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Can Hydrogel Crystals be Used as a Sensitive Humidity Indicator?

based on 5 ratings
Author: Michael Calhoun
Type

Physical Science & Meteorology 

Grade Level
Upper Elementary (Grades 4 and 5)  
Difficulty of Project
Easy 
Cost (Approximate Cost)

$12.00 - Excluding the cost of the Tri-fold cardboard display board

Safety Issues

Investigator should not ingest the crystals or drink the liquids associated with the activity. The crystals used in the project are extremely slippery when spilled. Never flush or pour these crystals down the drain, crystal swelling could possibly clog drainpipes. The supervising adult should discuss the warnings and safety information with the child or children before commencing the activity. 

Material Availability

The materials required for this project are readily available and inexpensive. 

Approximate Time Required to Complete the Project

1 day to complete the activity once the materials are secured and setup. Also between 1 and 2 hours to prepare the Tri-fold board display. 

Objective

Hydrogel superabsorbent polymer crystals are able to soak up as much as 500 times their weight in water! The research aspect of this science fair project is to determine if these crystals will absorb water vapor that results from high atmospheric humidity?

This science fair project focuses on a special kind of polymer called a hydrogel superabsorbent crystal which absorbs water, swelling to many times its original size. This water absorption ability will be tested by determining if these crystals are sensitive enough to remove water vapor from the air and grow. The amount of humidity in the air will be determined based on the size of crystal growth. From the observations made a data table comparing the size of crystal growth to relative humidity will be generated and results displayed in the form of a graph. 

The possible practical application from the results of this investigation is use of hydrogel crystal composite material as an economical alternative to traditional humidity sensors. 

Materials and Equipment / Ingredients

  • Hydrogel superabsorbent crystals
  • 8 oz clear sealable plastic bag or container with a lid
  • Metric ruler
  • Optional: hygrometer or humidity indicator card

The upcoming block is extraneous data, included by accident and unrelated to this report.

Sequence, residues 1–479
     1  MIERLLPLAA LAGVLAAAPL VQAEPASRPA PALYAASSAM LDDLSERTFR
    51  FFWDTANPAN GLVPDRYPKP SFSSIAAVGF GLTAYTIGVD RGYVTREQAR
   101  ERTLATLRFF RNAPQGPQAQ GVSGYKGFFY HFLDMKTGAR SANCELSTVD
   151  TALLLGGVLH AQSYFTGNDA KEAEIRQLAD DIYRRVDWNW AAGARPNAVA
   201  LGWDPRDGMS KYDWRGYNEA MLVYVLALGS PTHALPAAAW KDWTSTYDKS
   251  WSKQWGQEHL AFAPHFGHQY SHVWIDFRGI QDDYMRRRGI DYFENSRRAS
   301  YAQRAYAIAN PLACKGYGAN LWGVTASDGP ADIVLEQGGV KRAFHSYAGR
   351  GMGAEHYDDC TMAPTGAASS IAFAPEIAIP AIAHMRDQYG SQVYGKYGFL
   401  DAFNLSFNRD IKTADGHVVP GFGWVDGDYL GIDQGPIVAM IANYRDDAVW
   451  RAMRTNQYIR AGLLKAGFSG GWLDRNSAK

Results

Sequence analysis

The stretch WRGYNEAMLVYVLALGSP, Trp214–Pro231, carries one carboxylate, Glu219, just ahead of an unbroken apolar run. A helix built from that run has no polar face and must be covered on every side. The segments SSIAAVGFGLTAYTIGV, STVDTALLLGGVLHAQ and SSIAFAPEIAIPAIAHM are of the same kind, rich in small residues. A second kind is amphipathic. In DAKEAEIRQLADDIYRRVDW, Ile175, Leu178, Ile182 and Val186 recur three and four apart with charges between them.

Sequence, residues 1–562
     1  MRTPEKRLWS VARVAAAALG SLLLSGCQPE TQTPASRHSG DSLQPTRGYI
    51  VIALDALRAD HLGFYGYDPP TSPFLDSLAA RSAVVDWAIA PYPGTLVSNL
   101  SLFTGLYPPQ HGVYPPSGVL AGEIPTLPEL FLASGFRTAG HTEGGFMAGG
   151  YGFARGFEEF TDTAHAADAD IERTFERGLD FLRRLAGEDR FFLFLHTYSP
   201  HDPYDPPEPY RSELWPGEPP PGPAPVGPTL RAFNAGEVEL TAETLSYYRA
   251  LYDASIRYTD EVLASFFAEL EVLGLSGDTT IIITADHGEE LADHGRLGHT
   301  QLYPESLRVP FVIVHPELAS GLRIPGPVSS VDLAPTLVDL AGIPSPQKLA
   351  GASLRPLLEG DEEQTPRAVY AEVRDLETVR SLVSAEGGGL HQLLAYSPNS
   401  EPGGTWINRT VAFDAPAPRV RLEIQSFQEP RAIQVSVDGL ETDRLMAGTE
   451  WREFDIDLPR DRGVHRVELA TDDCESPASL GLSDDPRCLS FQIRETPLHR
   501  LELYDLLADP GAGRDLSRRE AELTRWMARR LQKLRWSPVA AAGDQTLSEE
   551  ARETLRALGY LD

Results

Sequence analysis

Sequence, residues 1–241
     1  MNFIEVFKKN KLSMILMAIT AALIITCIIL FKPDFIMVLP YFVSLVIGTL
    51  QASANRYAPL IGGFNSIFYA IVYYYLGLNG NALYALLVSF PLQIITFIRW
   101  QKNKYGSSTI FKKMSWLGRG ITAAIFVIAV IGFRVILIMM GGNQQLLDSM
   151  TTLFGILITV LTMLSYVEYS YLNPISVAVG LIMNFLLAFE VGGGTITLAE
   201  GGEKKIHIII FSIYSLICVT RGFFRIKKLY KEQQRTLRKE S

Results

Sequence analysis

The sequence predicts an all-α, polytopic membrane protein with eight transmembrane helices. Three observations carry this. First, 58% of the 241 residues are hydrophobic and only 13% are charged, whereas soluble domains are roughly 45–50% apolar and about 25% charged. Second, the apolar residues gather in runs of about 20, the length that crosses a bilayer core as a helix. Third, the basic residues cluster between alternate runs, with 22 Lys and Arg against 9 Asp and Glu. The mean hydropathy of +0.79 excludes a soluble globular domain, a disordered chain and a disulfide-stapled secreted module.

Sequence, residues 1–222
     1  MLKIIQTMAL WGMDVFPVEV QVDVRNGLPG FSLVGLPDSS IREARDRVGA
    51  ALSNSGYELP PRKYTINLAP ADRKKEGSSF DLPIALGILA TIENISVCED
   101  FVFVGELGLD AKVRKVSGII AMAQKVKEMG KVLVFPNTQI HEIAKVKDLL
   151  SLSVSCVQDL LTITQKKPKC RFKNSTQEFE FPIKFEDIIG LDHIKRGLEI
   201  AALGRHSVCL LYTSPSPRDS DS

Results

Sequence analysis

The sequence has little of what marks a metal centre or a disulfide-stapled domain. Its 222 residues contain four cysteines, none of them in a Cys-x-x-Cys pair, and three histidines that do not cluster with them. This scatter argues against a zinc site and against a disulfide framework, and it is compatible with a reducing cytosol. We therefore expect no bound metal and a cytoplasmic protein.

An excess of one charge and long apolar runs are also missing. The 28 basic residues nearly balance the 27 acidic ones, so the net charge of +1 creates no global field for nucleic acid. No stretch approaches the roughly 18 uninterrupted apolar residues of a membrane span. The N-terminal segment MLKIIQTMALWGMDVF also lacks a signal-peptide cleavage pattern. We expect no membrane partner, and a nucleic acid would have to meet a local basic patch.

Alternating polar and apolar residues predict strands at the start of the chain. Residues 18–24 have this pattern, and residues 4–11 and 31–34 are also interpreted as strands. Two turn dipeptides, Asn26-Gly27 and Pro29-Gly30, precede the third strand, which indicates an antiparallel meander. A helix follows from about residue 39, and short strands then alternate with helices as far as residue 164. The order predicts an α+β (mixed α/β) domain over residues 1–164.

With the possible exception of the crystals, all the other items can be purchased from the local hardware, homebuilding or garden supply store. Also, a Tri-fold cardboard display board can be purchased from an art & crafts supply store.

The hydrogel crystals can be purchased either locally from a garden supply store or online. Fortunately the price has been coming down. Science in A Bag charges $10 plus free shipping for a pack of these crystals. They may also be ordered from www.teacherssource.com, or Nasco Science

Introduction

Relative humidity is a term used to describe the amount of water vapor that exists in the air it depends on the temperature of the air, as warm air can hold more moisture than cold air. A relative humidity of 100 percent indicates that the air is holding all the water it can at a given temperature and any additional moisture at that point will result in condensation. To determine the relative humidity in the air a device called a hygrometer is used. 

A hydrogel crystal (sometimes called a “Disappearing crystal,” “Water Crystal,” “Superabsorbent gel,” etc) is a long chain of molecules bonded together to form a superabsorbent polymer, that does not dissolve, but forms a gel when placed in water and is often used in garden, landscape, and farming applications as a way of retaining moisture. Instead of dissolving, these crystals absorb water, swelling to many times their original size. The crystal is made up almost entirely of water. As they dry, water is slowly released to the soil. Some of these crystals can soak up as much as 500 times their weight in water! This superabsorbent characteristic makes hydrogel crystals useful as a possible humidity indicator. 

As the young investigator will discover hydrogel crystals can absorb water vapor on days of high humidity and although the crystals will not change completely into a gel, the increase in size that they swell can give a good indication of the relative humidity on the day that they are used.

Digital photos can be taken during the experimenting process and/or images of hydrogel crystals can be downloaded from the Science in a Bag website for free and without copyright infringement issues.

The following sites offer down loadable images that can be used on the display board:

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